We’re proactive in discussing the addiction risks that teenagers face. Every year, we invite prevention specialists from Freedom from Chemical Dependency to talk to middle and upper schoolers. These specialists are trained professionals who have achieved long-term recovery from alcohol or other drug addictions, and their unique perspectives enhance their credibility and provide students with role models for happy, healthy, drug-free living.
We prioritize prevention and evidence-based learning surrounding drugs, alcohol, and mental health. We value growth, progress, and discipline over punishment. Therefore, we encourage struggling students to advocate not only for themselves but for their peers and community. Our middle and upper school social-emotional support counselors are licensed clinicians available to help students and parents/caregivers with crises and provide referrals. Plus, through our implementation of the SafeUT app, middle and upper schoolers can report problems anonymously or in person with a trusted adult. SafeUT is a confidential crisis text and tip line. It's a statewide initiative run through the University of Utah Neuropsychiatric Institute providing real-time crisis intervention to youth and adults right from their smartphones or computers. Upper schoolers are trained on its use.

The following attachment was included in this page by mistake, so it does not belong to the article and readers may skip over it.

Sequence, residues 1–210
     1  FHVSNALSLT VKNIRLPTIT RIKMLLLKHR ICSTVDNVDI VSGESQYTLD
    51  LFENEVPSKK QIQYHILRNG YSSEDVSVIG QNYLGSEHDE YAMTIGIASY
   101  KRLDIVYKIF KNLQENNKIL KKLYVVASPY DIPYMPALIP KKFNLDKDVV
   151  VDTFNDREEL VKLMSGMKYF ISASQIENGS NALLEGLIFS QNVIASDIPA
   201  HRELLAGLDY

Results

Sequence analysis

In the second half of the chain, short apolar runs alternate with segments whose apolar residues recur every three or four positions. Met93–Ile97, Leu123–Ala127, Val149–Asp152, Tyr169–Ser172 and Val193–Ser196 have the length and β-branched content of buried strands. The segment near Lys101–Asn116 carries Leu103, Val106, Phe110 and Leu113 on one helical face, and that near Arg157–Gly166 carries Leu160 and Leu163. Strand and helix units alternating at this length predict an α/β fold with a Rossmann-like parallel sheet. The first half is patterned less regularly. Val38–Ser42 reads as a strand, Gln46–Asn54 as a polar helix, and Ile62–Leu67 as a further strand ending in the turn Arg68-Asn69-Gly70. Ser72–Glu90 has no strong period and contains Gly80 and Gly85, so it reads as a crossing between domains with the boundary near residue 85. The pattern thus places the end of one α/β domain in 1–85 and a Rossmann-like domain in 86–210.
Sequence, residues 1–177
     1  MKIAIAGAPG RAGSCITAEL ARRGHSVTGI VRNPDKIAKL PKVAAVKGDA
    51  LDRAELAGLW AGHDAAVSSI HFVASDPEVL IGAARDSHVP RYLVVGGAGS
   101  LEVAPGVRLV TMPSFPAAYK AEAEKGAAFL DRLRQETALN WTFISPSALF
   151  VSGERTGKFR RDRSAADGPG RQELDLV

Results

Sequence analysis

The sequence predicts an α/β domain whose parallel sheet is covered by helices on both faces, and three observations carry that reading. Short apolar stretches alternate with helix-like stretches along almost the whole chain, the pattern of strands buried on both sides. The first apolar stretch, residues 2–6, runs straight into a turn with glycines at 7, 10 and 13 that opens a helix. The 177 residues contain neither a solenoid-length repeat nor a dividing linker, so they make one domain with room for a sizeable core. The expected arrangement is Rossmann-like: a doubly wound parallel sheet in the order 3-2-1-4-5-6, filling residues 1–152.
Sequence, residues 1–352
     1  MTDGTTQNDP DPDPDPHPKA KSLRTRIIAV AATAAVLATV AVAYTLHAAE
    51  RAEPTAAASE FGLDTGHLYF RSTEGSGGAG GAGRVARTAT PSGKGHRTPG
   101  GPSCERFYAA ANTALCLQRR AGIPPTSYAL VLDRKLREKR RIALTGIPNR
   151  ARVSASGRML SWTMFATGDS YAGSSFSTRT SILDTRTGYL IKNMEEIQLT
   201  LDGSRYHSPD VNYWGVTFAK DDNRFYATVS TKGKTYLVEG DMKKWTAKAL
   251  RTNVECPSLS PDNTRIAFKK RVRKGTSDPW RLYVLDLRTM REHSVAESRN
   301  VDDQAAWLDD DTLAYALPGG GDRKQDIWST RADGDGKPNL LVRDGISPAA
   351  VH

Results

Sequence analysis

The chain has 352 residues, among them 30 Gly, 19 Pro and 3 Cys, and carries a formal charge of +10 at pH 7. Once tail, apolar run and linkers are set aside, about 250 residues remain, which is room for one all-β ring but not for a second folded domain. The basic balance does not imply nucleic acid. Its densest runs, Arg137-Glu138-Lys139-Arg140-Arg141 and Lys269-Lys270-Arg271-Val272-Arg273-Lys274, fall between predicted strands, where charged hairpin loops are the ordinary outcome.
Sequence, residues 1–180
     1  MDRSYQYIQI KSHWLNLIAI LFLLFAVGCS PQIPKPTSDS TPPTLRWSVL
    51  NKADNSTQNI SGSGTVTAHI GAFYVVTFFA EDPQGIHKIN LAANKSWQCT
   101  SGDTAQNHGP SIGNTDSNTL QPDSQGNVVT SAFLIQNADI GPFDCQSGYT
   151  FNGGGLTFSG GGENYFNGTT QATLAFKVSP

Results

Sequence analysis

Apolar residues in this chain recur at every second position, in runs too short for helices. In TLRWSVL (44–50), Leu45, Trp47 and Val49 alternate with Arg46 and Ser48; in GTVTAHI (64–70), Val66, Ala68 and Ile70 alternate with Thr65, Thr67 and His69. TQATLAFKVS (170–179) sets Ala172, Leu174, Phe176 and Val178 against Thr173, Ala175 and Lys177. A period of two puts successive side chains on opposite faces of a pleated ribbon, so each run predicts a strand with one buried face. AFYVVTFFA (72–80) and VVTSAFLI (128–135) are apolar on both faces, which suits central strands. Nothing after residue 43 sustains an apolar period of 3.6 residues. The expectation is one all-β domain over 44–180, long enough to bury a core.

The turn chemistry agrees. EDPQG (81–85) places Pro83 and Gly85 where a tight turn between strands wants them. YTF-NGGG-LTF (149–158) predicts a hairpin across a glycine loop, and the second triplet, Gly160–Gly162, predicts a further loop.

Finally, like our other divisions, the Upper School has an interfaith chapel program that builds community, fosters positive peer interactions, and helps students, faculty, and staff identify important values. Upper schoolers regularly speak and perform at chapel and use it as a creative outlet to express their feelings surrounding a given topic.
That’s what a group of students in Lynelle Stoddard and Camilla Rosenberger’s 3PreK class were trying to determine one cool November day, as they looked through each other’s personal photo albums.
Weston, as a baby, looks like he’s crying, one student observed. Another thinks he must be mad because he’s in a crib, and cribs are not fun. Weston can’t remember what he was feeling, and he really wants to look at his other pictures.
We use this year to work on how they treat each other and deal with situations.—Camilla Rosenberger, 3PreK assistant teacher
What the students were doing on this late fall day is a central goal in the 3PreK classroom: they were learning to name and hold their feelings, and how to turn those feelings into positive actions—life skills that will support them long after they leave the preschool classroom. To build these skills, the teachers have provided a selection of books for the students to read, including Silly Sally and When Sophie Gets Angry—Really, Really Angry…. They have also been singing songs such as "If You’re Happy and You Know It," and have explored feelings while reading We’re Going on a Bear Hunt as a class and then searching for a stuffed bear hidden in the Nature Yard. And along the way, there have been many conversations about how feelings play out in different ways.
“This is such an important time for their social-emotional progress,” said assistant teacher Camilla about the three- and four-year-old students. “We use this year to work on how they treat each other and deal with situations, through their education.”